The new Cork Prison is regularly overcrowded with inmates sleeping on the floor

The new Cork Prison is regularly overcrowded with inmates sleeping on the floor
One of the cells in the new Cork Prison. Picture: Eddie O'Hare

IT would be a “retrograde step” to allow overcrowding to be an issue in Cork's new prison, according to prison officers.

Deputy general secretary of the Prison Officers Association, Jim Mitchell, was speaking at the annual conference of the association in Sligo.

Mr Mitchell told The Echo: “It would be a retrograde step to allow the new Cork prison to become overcrowded like the old prison used to be.”

In recent months, figures in the prison have spiked and the building is regularly at capacity or overcrowded.

On April 3 and 4, there were 305 in the prison, which was designed for a bed capacity of 296 prisoners. And on April 8, there were 303 in the facility.

there were up to 80 nights last year where prisoners were forced to sleep on mattresses on the floor because of overcrowding. Picture: Eddie O'Hare
there were up to 80 nights last year where prisoners were forced to sleep on mattresses on the floor because of overcrowding. Picture: Eddie O'Hare

The prison is currently operating just under capacity, with the numbers having fallen slightly in the past fortnight.

However, there were up to 80 nights last year where prisoners were forced to sleep on mattresses on the floor because of overcrowding.

Figures supplied by Minister for Justice Charlie Flanagan revealed that there were dates in July when the numbers sleeping on mattresses spiked over 20. On July 3 and 4, there were 21 inmates on mattresses on the floor.

POA president Tony Power said: “Prisoners’ sleeping on mattresses on floors is becoming an all too common sight again but yet our Open Centers remain below capacity. Prisoner numbers have continued to rise year on year from 3,745 in April 2017 to 3,890 in April 2018 and up again to 4049 in April 2019. Taking one landing at the Midlands, initially designed to hold 38 prisoners, it regularly has prisoner numbers in excess of 65 and this is mirrored in many of the prisons.”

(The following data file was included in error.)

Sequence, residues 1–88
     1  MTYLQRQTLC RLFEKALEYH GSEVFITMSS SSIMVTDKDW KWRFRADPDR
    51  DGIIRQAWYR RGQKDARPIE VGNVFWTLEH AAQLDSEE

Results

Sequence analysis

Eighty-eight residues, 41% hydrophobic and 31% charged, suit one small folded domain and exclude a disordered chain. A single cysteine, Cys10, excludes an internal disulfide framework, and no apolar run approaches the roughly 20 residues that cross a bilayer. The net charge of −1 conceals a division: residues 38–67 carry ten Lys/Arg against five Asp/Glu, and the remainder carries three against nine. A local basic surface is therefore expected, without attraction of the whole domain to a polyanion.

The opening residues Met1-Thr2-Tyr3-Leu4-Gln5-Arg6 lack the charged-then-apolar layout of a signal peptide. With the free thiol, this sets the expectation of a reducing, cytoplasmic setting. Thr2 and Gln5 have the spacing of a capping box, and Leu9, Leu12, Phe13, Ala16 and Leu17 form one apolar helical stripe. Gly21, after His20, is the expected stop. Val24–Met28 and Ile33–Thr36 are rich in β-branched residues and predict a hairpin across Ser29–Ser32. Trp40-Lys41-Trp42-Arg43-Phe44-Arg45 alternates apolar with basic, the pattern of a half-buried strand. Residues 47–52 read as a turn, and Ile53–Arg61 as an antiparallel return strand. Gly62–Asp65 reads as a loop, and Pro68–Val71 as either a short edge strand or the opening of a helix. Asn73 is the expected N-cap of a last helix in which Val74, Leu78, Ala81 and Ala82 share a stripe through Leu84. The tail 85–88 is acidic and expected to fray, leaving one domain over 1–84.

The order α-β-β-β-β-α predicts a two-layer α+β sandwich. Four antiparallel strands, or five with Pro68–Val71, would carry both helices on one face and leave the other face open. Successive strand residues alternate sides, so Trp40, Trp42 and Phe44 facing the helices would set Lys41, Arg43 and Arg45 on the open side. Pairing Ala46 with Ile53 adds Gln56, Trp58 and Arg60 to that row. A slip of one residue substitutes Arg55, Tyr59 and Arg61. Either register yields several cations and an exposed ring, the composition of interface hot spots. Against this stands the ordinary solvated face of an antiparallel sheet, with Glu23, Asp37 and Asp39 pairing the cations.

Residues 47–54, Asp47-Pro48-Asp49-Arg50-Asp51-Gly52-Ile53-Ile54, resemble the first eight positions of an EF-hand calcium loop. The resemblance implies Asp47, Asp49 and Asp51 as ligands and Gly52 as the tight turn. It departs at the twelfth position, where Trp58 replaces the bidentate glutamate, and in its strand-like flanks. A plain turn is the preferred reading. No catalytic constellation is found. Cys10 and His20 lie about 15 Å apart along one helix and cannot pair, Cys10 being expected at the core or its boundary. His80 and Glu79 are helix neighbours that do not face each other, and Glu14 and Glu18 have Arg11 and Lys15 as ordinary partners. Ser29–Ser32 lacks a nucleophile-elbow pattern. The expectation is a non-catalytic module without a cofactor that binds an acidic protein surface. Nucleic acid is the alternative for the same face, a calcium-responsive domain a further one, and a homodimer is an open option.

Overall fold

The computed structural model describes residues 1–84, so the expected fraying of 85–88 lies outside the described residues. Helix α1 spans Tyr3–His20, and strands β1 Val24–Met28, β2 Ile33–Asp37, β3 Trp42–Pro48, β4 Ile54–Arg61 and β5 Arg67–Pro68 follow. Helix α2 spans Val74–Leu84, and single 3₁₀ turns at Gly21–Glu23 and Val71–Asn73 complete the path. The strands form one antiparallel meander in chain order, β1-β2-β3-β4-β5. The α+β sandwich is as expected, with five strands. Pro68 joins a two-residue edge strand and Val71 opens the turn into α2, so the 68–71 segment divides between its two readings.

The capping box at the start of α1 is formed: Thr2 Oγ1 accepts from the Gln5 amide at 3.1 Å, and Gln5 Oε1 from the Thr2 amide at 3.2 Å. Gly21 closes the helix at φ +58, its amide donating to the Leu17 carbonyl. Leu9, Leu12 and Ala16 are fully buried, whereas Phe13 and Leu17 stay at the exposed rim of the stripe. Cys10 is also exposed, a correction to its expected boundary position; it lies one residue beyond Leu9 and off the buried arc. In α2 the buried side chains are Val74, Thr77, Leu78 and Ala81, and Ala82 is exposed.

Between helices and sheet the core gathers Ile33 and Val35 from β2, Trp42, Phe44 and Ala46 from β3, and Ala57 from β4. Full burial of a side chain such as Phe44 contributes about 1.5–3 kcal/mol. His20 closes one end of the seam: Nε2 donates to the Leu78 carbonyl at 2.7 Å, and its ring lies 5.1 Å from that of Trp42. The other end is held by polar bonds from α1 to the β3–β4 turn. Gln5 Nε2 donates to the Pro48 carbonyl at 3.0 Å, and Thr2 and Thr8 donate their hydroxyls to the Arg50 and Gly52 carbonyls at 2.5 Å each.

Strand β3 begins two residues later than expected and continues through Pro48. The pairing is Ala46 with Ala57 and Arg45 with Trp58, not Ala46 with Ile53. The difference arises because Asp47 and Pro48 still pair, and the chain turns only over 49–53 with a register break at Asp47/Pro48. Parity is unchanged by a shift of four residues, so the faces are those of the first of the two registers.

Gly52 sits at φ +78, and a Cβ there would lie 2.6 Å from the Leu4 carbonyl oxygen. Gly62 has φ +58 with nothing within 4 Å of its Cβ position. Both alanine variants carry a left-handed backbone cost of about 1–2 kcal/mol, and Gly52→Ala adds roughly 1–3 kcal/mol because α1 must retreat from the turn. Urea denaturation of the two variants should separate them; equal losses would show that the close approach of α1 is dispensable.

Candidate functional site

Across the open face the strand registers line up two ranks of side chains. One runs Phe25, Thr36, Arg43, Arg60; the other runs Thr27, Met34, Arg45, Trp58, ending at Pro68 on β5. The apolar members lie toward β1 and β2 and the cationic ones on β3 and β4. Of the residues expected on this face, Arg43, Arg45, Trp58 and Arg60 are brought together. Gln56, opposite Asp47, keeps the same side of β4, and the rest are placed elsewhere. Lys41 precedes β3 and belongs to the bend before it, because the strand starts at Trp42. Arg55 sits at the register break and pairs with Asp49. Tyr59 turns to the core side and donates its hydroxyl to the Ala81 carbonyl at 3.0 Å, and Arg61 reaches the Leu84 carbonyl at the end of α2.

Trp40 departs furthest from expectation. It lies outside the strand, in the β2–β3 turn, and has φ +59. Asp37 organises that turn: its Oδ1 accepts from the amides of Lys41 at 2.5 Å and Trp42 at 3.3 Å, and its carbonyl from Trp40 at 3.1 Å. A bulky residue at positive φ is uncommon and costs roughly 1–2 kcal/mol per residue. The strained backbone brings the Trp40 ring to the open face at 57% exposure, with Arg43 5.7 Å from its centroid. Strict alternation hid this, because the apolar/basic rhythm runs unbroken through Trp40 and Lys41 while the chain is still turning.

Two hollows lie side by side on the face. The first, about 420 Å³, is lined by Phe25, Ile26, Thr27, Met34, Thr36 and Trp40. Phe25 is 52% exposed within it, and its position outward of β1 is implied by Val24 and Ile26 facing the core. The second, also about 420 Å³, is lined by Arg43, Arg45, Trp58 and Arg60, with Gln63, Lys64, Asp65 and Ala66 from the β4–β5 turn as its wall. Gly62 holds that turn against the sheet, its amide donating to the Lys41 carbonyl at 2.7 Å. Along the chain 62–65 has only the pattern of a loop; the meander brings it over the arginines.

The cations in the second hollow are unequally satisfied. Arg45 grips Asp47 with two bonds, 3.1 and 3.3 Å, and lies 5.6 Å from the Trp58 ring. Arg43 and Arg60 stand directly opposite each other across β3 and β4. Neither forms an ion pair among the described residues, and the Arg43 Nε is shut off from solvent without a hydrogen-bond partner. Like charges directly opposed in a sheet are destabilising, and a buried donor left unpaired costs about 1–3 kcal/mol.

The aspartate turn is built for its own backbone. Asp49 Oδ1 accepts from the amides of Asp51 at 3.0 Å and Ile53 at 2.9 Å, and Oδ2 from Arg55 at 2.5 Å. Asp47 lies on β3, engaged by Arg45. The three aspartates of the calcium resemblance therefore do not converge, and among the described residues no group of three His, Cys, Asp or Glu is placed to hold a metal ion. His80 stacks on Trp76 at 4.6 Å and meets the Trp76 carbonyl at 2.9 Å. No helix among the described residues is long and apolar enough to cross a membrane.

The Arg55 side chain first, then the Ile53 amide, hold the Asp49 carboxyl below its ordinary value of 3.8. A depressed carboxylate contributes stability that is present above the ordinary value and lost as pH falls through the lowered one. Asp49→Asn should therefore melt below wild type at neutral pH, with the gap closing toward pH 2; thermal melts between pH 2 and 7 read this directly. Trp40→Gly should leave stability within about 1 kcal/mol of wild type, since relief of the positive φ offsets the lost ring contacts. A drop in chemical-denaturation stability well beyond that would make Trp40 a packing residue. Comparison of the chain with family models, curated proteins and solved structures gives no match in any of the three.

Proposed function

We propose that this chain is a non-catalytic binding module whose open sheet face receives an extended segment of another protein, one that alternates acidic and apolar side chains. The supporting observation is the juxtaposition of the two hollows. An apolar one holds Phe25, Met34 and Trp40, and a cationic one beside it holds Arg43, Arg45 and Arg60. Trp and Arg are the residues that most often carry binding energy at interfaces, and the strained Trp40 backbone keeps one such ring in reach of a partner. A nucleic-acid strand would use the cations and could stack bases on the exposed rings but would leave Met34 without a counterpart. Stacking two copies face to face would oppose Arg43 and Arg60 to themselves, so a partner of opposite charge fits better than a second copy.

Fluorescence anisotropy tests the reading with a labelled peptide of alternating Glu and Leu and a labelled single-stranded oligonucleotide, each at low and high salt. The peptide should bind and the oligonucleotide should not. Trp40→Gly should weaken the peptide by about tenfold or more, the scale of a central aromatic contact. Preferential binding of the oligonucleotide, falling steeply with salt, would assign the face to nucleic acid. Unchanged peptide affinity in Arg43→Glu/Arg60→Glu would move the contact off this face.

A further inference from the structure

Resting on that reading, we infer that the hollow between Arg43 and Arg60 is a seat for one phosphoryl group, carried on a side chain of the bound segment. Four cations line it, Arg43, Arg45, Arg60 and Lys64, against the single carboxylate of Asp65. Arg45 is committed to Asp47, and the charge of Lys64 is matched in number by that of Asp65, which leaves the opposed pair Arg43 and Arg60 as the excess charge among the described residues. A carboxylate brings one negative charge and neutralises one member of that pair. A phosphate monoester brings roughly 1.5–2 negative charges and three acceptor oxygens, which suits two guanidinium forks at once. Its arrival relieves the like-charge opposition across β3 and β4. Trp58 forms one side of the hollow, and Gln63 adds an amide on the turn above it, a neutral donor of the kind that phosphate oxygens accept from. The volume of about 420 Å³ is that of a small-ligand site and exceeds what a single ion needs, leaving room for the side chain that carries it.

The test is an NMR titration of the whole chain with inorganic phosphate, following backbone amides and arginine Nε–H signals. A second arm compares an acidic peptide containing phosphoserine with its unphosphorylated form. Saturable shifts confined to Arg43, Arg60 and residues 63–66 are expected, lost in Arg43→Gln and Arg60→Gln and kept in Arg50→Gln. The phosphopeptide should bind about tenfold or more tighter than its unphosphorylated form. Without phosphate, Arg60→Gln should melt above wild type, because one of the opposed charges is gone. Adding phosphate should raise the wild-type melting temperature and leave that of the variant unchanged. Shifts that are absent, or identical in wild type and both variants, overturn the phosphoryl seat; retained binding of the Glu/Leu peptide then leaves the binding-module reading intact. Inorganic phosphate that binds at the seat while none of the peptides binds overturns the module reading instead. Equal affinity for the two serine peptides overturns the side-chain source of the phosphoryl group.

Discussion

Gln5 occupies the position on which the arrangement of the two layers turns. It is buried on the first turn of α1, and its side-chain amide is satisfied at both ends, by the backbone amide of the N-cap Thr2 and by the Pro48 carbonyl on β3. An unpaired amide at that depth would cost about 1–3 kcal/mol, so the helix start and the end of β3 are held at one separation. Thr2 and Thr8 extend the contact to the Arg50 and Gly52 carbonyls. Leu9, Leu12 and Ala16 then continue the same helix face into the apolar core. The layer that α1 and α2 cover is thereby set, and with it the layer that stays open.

He continued: “Overcrowding provides the perfect atmosphere for the bully to thrive and exert huge pressure on vulnerable prisoners in particular to traffic in contraband, including weapons and illegal drugs. Serious violence is often part of the scenario here and we prison officers pay the inevitable price. Overcrowding puts both prisoners and prison officers at unnecessary risk – and this is totally unacceptable.” 

He added: “Over the last year overcrowding made an unwelcome return to our prisons – a problem, which always and ever creates major challenges for prison officers on the ground.” And he concluded: “All of us believed this was a historic issue. None of us want a return to the ‘Pack em, Stack em and Rack em days’ of the past, where both prisoners and prison officers pay a heavy price.” 

The prison is currently operating just under capacity, with the numbers having fallen slightly in the past fortnight. Picture: Eddie O'Hare
The prison is currently operating just under capacity, with the numbers having fallen slightly in the past fortnight. Picture: Eddie O'Hare

Cork Prison opened in early 2016, replacing the older prison nearby.

Overcrowding had consistently been an issue in the old prison but it had been anticipated that the new prison would operate under capacity.

According to the Irish Prison Service, space is at a premium in Cork prison in recent times because of construction work at Limerick Prison, which means that offenders cannot be transferred from Cork to there. The IPS said it is not practical to send prisoners to other prisons because of proximity from families of the offenders.

However, there have been occasions where prisoners have been transferred to the Midlands to alleviate the issues in Cork.

The conference also heard concerns about staffing levels in prisons because of the number of officers who are retiring or are eligible to retire shortly.

Mr Power welcomed the recent recruitment of new officers but warned that the numbers retiring must be taken into account too.

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